Collaboration has always featured in Gaiman’s work and his two picture books for children, The Wolves in the Walls and The Day I Swapped my Dad for Two Goldfish were illustrated by his friend Dave McKean. Both books are pitched at younger readers but Gaiman’s witty prose also appeals to adults.
Gaiman likes to mix it up. “I’m a storyteller. Children’s novel, comic novel, graphic novel, picture book. I love doing different things and surprising my readers.” In his new book Anansi Boys, Gaiman wanted to deliver a comic novel with “lots of tragedy”.
Set in the US, England and the Caribbean, the book is about Fat Charlie Nancy and the sudden arrival of his brother, a narcissistic control freak who wants to take over Fat Charlie’s life, including his job and fiancee. Like most of Gaiman’s work, it features characters who begin in the real world but end up in a completely different place, one not on any ordinary map.
But the writing process hasn’t always been easy for Gaiman. Half way through Anansi Boys, he got stuck and stopped writing for four months. Just talking about it makes him look troubled; it was, he says, an “incredibly gloomy” period. In the end, he telephoned his agent and told her that his past success had all been a fluke and that he’d rather just return his advance and call it a day. Gaiman recalls there was long pause before she calmly responded: “Oh, you’re at that point of the book are you?”
Gaiman pretended to be outraged but knew she was right and says, “I went back to writing the book but felt rather less unique”.
In 1991, Gaiman moved to the US because his American-born wife was keen to have their three children get to know her family and Gaiman says they were able to buy an Addams Family-style house in Minnesota on four hectares for the price of a one-bedroom flat in London.
“It’s an obscenely cold place. You assume that when it snows, it’s cold, but here, there are 15 other layers of cold beneath that. When you take a breath, you can feel every single hair in your nose.” But he’s happy to be an Englishman and has no plans to become an American citizen. On his blog, he writes enthusiastically about the perfect cup of tea, something he managed to have when he was in Australia a few years ago.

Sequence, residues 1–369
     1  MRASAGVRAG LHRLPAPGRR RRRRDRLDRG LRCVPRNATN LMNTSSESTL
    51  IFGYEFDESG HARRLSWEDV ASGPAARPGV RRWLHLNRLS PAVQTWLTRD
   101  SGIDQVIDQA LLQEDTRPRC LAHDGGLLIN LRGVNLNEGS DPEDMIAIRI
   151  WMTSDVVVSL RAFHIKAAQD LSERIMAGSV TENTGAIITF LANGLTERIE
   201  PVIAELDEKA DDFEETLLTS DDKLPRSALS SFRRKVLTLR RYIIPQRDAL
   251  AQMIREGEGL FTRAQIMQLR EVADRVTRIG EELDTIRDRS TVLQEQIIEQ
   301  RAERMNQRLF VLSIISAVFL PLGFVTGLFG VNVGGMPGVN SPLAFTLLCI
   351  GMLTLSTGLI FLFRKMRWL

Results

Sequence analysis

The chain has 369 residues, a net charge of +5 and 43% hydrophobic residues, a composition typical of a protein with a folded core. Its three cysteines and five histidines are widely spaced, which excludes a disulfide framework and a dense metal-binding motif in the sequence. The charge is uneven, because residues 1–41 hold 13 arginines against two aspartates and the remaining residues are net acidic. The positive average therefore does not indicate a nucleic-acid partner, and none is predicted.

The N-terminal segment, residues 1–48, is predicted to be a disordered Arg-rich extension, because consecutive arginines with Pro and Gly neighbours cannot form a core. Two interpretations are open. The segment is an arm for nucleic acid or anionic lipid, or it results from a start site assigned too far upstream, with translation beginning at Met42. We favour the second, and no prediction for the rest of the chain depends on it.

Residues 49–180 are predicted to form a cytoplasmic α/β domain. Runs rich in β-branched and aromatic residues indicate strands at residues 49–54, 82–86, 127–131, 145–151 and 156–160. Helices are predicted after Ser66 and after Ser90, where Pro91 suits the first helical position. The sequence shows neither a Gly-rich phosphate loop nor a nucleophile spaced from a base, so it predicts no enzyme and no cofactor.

When he’s writing, everything except playing with his youngest daughter, Maddy, is an irritation. And when it comes to his relationship with his wife, Gaiman says: “I’m really good at some things — ask me to write a book, short story or script and I’m in my element but ask me to do my tax or go to the bank and I’m really, really crap.”
On the subject of his fans, Gaiman says he’s very lucky.
“Clive Barker had some mad guy living on his front lawn, Stephen King had a strange woman in an attic who pestered him but my readers are genuinely lovely people who tend not to be crazy.”
They give him presents, too, and Gaiman is delighted about the hand-knitted scarf a fan gave him at last weekend’s Continuum 3 sci-fi convention in Melbourne.
Asked if he might ever consider slowing down his frenetic pace, Gaiman says that no matter what he’s doing, he tries to stop while he’s still in love with it. “That’s why I ended Sandman. I don’t want to wake up one morning and think oh f—ing hell, I have to write something.” There’s a chance he might end his online journal because he never wants to fake it. “It’s almost getting to the point where I may not be able to tour as much,” but, he adds rather unconvincingly, “I’ll see how I’ll feel in November”.
But in all honesty, Gaiman can’t slow down — he’s too busy with a series of projects that include an operatic version of The Wolves in the Walls, a script for a film version of Beowulf directed by Robert Zemeckis, and MirrorMask, an illustrated film script by Gaiman and Dave McKean that’s being produced by Tim Burton.
Tired but still smiling, Gaiman shrugs his shoulders and says, “What can I say? I have the best job, it’s so much fun but if for some reason I stopped writing fiction … I might try my hand at a travel book.”